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Aultman v. Maggio

United States District Court, W.D. Louisiana, Monroe Division

November 27, 2017

STACEY AULTMAN, ET AL.
v.
VIJAY MAGGIO, ET AL.

          JOSEPH H L PEREZ-MONTES MAG. JUDGE

          RULING

          ROBERT G. JAMES, UNITED STATES DISTRICT JUDGE.

         Before the Court is a Motion for Summary Judgment [Doc. No. 53] filed by Defendants Vijay Maggio, M.D. (“Dr. Maggio”), Amanda Schaefer (“Schaefer”), and Biotronic National, LLC (“Biotronic”). Plaintiffs Stacey Aultman and Heather Aultman oppose the motion. [Doc. No. 57');">57]. For reasons assigned below, the Motion for Summary Judgment is GRANTED.

         I. FACTS AND PROCEDURAL HISTORY

         Defendants provide intraoperative neurophysiological monitoring (“IONM”) services at the request of surgeons and healthcare facilities. IONM is a technique used during surgery to monitor the condition of a patient's neural structures (e.g., nerves, spinal cord, and parts of the brain) during the surgical procedure.

         On October 1');">1');">1');">1');">1');">1');">1');">1');">1');">1');">1');">1');">1');">1');">1');">10, 201');">1');">1');">1');">1');">1');">1');">1');">1');">1');">1');">1');">1');">1');">1');">14');">4');">4');">4, Dr. Bernie G. McHugh, Jr. and Dr. Walter Sartor performed a T5-6 extreme lateral interbody fusion on Plaintiff Stacey Aultman (“Mr. Aultman”) at St. Francis Medical Center.[1');">1');">1');">1');">1');">1');">1');">1');">1');">1');">1');">1');">1');">1');">1');">1" name="FN1');">1');">1');">1');">1');">1');">1');">1');">1');">1');">1');">1');">1');">1');">1');">1" id="FN1');">1');">1');">1');">1');">1');">1');">1');">1');">1');">1');">1');">1');">1');">1');">1">1');">1');">1');">1');">1');">1');">1');">1');">1');">1');">1');">1');">1');">1');">1');">1] At Dr. McHugh's request, Defendant Biotronic provided IONM during the surgery. Dr. McHugh, specifically, requested three types of IONM: Intraoperative Somatosensory Evoked Potentials (“SSEPs”), Intraoperative EMG, and Transcranial Motor Evoked Potentials (“TcMEPs”).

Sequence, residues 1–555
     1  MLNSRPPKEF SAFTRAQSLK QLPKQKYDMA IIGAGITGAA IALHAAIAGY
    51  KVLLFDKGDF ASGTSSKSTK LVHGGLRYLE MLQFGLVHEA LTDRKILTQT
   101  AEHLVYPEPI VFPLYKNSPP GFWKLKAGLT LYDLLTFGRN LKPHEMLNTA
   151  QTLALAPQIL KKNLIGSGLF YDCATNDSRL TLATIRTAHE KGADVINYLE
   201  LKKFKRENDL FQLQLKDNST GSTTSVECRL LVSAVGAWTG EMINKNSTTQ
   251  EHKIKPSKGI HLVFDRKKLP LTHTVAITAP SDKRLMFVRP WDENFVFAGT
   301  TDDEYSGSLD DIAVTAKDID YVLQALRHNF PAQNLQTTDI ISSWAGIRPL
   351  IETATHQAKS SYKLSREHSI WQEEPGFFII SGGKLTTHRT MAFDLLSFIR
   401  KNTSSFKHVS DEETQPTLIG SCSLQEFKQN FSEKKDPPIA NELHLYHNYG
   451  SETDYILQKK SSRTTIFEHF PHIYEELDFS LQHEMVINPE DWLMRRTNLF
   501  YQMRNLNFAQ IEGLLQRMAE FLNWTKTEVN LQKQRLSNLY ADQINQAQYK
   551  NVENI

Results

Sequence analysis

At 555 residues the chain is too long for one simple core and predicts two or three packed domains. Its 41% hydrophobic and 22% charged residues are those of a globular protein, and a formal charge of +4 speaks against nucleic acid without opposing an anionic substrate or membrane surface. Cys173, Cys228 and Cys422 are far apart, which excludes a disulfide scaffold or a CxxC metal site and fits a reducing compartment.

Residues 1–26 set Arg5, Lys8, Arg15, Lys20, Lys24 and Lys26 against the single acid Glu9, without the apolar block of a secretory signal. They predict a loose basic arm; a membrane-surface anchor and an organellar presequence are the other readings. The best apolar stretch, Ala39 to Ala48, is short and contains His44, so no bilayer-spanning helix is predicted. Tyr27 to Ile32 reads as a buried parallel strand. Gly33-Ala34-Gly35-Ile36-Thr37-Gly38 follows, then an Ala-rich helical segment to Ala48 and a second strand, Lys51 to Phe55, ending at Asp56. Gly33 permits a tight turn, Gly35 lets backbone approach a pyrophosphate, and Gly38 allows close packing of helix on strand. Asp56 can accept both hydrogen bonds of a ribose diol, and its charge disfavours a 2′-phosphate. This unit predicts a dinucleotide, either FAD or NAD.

Dr. McHugh obtained a baseline for each type of IONM. A baseline establishes the waveforms for each type of IONM specific to the patient and the surgery. All subsequent waveforms are compared to the baselines to determine whether there is any change.

         Biotronic provides monitoring personnel to advise the surgeon of the monitoring results. Micael Beebe (“Beebe”), a neural technologist, and Dr. Maggio, a neurologist, were Biotronic's employees at the time of the surgery, and both participated in Mr. Aultman's surgery.[2] Beebe was present in the operating room and prepared Mr. Autlman for IONM by connecting the requisite electrodes. Dr. Maggio participated remotely and provided online oversight.

         Before Dr. McHugh completed surgery, all SSEPs were present and consistent.[3" name="FN3" id= "FN3">3] However, subsequent to completion, all SSEPs were absent, indicating that something was affecting Mr. Autlman's spinal sensory pathways. When Mr. Aultman awoke from surgery, he had no movement in his lower limbs. According to Plaintiffs, Mr. Aultman is “now wheelchair bound” and “will never be able to walk again.” [Doc. No. 57');">57, 4');">4');">4');">4');">p. 4');">4');">4');">4].

         Plaintiffs filed suit against Defendants Dr. Maggio, Schaefer, Biotronic, and St. Francis Medical Center in state court on June 23, 201');">1');">1');">1');">1');">1');">1');">1');">1');">1');">1');">1');">1');">1');">1');">16.[4');">4');">4');">4" name="FN4');">4');">4');">4" id= "FN4');">4');">4');">4">4');">4');">4');">4] [Doc. No. 1');">1');">1');">1');">1');">1');">1');">1');">1');">1');">1');">1');">1');">1');">1');">1-4');">4');">4');">4, 3');">p. 3]. Plaintiffs allege, generally, that Defendants failed to properly communicate information to the surgeons. [Doc. Nos. 1');">1');">1');">1');">1');">1');">1');">1');">1');">1');">1');">1');">1');">1');">1');">1; 57');">57]. While the parties seem to agree that Defendants provided IONM results to the surgeons, [5] Plaintiffs allege that Defendants failed to communicate the significance of the results.[6] [Doc. No. 57');">57, p. 5-6].